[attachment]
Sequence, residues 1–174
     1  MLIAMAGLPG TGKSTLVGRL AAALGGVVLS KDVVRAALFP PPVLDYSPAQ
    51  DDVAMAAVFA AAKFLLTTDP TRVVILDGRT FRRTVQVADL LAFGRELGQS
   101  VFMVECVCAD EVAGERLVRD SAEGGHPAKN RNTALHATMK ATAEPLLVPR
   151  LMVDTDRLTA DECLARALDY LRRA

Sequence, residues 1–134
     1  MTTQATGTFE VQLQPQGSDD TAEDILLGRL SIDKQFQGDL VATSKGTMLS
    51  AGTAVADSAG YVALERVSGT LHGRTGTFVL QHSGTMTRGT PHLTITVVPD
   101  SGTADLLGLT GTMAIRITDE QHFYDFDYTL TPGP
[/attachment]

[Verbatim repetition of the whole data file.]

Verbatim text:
Sequence, residues 1–174
     1  MLIAMAGLPG TGKSTLVGRL AAALGGVVLS KDVVRAALFP PPVLDYSPAQ
    51  DDVAMAAVFA AAKFLLTTDP TRVVILDGRT FRRTVQVADL LAFGRELGQS
   101  VFMVECVCAD EVAGERLVRD SAEGGHPAKN RNTALHATMK ATAEPLLVPR
   151  LMVDTDRLTA DECLARALDY LRRA

Sequence, residues 1–134
     1  MTTQATGTFE VQLQPQGSDD TAEDILLGRL SIDKQFQGDL VATSKGTMLS
    51  AGTAVADSAG YVALERVSGT LHGRTGTFVL QHSGTMTRGT PHLTITVVPD
   101  SGTADLLGLT GTMAIRITDE QHFYDFDYTL TPGP